“The Guyana Police Force wishes to state that its resolve against drugs, drug dealers and criminal elements remains strong, and it remains a strong cohesive Force. Elements of the Force found in wrongdoing will continue to be dealt with appropriately. Contrary to the views of some, no cover is provided for these elements. The records of errant ranks are there to show,” it added.
Several years ago, Merai himself had been accused of extorting money from a drug dealer but the investigation eventually petered out.
A recording was circulated to several media outlets in June, 2007 and Merai was heard demanding money from the businessman. He later admitted to this newspaper that it was indeed his voice on the tape but that the recording was a collection of several conversations. Police, in a statement, had acknowledged receiving a copy of the tape as well as a transcript of the taped conversation and a letter.
The police said the letter had levelled certain allegations against Merai and an investigation had been launched.
When this newspaper asked Merai to explain his statements on the tape, he said he had been trying to induce the businessman to divulge further details about the drug deal he was involved in so that he could build a case against him. Merai had also said the tape had been made by a group of drug dealers who had been angered by his tough stance against drug trafficking. He also said the men had recently met and planned to kill him.
Although Merai was relieved of duties as the coordinator of the Impact Patrol following the allegations, he remained in charge of ministerial security patrols. In response to a query about why Merai was allowed to retain this post, Greene replied at the time that being at the Impact Base meant Merai had to interface with the public and this was not good in light of the allegations.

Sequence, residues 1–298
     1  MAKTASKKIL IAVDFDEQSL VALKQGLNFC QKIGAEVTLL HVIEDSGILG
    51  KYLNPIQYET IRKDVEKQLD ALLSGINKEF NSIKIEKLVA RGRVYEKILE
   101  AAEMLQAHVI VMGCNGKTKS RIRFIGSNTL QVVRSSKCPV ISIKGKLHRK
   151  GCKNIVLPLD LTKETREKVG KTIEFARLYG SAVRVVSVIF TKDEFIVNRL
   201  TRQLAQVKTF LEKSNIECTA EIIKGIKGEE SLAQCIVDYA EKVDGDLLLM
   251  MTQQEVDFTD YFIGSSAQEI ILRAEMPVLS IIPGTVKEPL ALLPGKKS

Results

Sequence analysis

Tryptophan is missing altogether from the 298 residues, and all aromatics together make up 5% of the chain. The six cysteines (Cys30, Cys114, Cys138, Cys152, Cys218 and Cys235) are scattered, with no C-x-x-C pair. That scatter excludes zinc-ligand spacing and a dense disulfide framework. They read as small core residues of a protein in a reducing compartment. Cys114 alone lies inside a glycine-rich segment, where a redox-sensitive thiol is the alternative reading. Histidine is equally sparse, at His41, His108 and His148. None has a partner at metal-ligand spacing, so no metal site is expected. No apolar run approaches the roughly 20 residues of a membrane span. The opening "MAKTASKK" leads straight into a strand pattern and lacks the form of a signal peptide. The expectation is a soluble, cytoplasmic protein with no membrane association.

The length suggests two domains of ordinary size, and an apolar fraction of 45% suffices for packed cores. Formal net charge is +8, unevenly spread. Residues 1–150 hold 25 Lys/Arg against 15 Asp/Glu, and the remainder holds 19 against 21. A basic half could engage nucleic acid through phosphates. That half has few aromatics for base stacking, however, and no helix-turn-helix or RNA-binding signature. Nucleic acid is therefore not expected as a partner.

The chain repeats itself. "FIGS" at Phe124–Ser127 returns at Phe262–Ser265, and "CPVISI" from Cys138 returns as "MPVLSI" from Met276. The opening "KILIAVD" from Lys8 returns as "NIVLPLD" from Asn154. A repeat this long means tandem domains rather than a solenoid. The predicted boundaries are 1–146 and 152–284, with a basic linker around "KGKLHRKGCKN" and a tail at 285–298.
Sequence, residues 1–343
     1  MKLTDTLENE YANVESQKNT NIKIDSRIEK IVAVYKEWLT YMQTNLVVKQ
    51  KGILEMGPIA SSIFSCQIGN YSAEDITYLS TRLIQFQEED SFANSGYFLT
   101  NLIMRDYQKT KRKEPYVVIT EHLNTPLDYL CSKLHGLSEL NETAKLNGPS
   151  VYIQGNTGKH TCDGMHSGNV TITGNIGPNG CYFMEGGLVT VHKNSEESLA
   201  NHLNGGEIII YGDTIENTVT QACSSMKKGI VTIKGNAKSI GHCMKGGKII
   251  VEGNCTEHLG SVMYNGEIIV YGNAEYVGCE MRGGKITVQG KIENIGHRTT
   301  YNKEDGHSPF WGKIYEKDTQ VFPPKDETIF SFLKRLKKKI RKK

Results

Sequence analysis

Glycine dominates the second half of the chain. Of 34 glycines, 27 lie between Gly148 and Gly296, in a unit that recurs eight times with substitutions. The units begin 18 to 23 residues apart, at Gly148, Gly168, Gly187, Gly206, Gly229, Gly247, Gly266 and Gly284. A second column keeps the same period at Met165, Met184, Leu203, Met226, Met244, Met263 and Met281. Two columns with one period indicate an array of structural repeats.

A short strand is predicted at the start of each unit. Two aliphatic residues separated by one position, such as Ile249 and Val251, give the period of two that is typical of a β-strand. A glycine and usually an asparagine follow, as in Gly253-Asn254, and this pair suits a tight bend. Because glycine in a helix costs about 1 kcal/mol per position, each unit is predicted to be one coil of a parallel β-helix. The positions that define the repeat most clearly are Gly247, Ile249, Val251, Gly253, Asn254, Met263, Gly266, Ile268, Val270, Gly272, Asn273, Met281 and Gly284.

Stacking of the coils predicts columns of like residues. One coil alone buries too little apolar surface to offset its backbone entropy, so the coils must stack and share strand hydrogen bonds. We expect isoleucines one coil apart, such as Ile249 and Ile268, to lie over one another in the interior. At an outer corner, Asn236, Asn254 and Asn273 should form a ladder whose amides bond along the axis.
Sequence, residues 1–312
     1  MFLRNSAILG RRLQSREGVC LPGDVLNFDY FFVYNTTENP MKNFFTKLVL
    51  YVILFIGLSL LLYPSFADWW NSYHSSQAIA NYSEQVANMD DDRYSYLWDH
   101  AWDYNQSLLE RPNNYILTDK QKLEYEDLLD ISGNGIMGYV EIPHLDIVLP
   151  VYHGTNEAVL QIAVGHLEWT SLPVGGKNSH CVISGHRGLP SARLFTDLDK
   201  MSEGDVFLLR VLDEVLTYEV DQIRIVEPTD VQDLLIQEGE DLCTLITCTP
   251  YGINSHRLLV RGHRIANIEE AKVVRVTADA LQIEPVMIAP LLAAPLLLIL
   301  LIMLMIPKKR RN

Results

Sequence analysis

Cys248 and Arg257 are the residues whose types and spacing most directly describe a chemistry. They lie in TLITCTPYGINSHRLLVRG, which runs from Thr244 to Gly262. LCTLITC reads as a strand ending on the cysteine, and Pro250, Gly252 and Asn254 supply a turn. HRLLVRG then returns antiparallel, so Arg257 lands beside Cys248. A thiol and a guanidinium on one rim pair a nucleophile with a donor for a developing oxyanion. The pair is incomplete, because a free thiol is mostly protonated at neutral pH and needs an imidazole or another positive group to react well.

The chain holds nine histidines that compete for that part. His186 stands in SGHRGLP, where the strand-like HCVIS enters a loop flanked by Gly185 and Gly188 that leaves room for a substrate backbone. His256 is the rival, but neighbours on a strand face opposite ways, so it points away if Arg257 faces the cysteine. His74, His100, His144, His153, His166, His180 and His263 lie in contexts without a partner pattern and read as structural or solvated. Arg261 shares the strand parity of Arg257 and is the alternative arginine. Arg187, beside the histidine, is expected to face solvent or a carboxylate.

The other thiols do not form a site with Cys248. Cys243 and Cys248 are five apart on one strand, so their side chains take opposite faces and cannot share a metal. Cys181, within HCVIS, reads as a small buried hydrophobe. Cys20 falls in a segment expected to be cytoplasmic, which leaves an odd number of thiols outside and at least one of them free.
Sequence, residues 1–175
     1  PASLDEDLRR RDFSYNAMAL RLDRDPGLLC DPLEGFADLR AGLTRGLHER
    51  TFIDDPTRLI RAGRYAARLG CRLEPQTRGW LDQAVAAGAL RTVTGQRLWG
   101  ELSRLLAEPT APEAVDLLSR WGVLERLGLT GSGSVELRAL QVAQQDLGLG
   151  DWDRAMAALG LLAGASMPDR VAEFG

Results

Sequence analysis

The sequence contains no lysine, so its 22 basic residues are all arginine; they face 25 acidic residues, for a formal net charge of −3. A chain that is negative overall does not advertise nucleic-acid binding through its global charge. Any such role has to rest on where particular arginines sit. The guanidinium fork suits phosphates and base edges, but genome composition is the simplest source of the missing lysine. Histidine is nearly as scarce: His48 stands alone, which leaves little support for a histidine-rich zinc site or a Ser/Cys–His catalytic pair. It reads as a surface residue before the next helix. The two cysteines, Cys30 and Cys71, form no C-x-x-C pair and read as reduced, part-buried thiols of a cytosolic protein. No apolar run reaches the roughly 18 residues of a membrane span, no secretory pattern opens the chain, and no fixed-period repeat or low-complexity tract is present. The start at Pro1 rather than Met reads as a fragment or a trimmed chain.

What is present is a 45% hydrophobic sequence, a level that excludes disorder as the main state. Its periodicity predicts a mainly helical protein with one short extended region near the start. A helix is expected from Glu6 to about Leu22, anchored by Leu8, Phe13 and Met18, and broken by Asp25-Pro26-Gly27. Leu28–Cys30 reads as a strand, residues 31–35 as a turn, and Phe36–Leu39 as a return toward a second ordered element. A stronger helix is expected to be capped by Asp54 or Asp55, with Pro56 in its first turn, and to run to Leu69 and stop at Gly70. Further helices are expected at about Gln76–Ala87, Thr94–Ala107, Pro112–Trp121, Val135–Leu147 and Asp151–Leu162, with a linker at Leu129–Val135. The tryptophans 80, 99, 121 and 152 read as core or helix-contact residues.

He said the officer had also been removed a few weeks before the tape surfaced since he had been charged with making a wrongful arrest.
SN confirmed that the businessman in the recording had been deported from the US in 1999 after serving time for possession of marijuana, impersonation, possession of firearms and trafficking in cocaine. He had been incarcerated in the Georgia Correctional Centre in the US.
According to the recordings, the businessman had collected a delivery of cocaine from another man who resides on the West Demerara, which had been shipped by a Guyanese living in Venezuela. After collecting the narcotics the businessman had allegedly refused to pay for it and the Venezuelan man and his West Demerara accomplice had reportedly contacted Merai asking him to ensure that the businessman paid up.
Merai was heard on the tape demanding US$60,000 from the businessman to settle the case. Merai had told this newspaper that when he heard about the drug deal he approached the West Demerara man who admitted that the Georgetown businessman owed him US$710,000 for a shipment of cocaine, but was hiding and not paying up.
Merai said he doubted the West Demerara man at first, as he knew the Georgetown businessman to be law-abiding; however, he said when he approached the businessman with the allegations, after denying involvement the man then offered him US$50,000 as a first payment, following which he [Merai] asked him why not US$60,000.